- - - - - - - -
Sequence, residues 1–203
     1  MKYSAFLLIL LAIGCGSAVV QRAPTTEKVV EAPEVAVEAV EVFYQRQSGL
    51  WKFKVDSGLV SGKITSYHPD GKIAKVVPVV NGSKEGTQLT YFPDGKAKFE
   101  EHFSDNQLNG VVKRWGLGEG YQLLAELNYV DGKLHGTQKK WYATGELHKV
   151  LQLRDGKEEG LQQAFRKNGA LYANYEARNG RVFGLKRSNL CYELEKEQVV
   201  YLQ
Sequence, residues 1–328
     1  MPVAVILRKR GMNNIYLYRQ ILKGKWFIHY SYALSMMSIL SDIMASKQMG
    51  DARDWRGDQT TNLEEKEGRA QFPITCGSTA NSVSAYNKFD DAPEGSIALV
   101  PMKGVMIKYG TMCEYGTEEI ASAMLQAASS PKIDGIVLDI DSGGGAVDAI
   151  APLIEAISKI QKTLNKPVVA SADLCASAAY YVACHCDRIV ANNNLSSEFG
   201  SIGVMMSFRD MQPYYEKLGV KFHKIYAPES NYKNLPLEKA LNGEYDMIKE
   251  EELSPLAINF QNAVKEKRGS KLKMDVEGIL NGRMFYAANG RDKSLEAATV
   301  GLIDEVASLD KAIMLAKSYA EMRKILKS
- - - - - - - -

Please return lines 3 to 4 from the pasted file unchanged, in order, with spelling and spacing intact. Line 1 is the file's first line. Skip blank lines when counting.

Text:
    51  WKFKVDSGLV SGKITSYHPD GKIAKVVPVV NGSKEGTQLT YFPDGKAKFE
   101  EHFSDNQLNG VVKRWGLGEG YQLLAELNYV DGKLHGTQKK WYATGELHKV